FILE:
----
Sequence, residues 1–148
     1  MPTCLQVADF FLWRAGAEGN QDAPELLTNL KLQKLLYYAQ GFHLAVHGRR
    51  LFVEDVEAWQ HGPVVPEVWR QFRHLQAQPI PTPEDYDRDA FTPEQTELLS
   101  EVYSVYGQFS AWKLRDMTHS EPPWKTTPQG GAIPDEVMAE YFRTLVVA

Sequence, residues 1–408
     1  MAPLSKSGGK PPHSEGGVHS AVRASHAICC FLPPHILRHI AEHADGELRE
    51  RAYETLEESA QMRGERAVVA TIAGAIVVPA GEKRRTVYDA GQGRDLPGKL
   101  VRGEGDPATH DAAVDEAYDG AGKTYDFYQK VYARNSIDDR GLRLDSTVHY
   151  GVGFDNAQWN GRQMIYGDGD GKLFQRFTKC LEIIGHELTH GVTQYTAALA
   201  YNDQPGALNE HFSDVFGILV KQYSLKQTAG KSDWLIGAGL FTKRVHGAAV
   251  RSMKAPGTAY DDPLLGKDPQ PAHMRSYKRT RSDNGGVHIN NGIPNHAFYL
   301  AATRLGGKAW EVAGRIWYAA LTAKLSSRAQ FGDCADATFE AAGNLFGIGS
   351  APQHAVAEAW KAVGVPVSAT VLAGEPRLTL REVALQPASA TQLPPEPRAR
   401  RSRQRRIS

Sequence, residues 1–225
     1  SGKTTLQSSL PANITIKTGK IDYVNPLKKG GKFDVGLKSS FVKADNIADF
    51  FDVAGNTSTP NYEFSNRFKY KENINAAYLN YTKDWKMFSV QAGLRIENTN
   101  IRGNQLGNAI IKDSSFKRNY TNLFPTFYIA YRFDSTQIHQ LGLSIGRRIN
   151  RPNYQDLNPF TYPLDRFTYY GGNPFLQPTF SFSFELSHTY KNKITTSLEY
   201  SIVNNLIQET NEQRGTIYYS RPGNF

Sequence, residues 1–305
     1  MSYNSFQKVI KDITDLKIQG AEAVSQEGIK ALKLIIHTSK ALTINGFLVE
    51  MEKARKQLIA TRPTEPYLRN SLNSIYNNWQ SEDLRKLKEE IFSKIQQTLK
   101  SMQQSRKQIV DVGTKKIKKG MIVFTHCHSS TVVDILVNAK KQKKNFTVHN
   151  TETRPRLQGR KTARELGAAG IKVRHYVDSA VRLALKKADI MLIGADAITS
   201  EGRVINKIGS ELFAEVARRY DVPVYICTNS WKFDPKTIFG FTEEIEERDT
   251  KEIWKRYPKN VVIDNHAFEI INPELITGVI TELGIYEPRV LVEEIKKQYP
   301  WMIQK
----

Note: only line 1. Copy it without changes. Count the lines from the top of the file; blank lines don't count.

Sequence, residues 1–148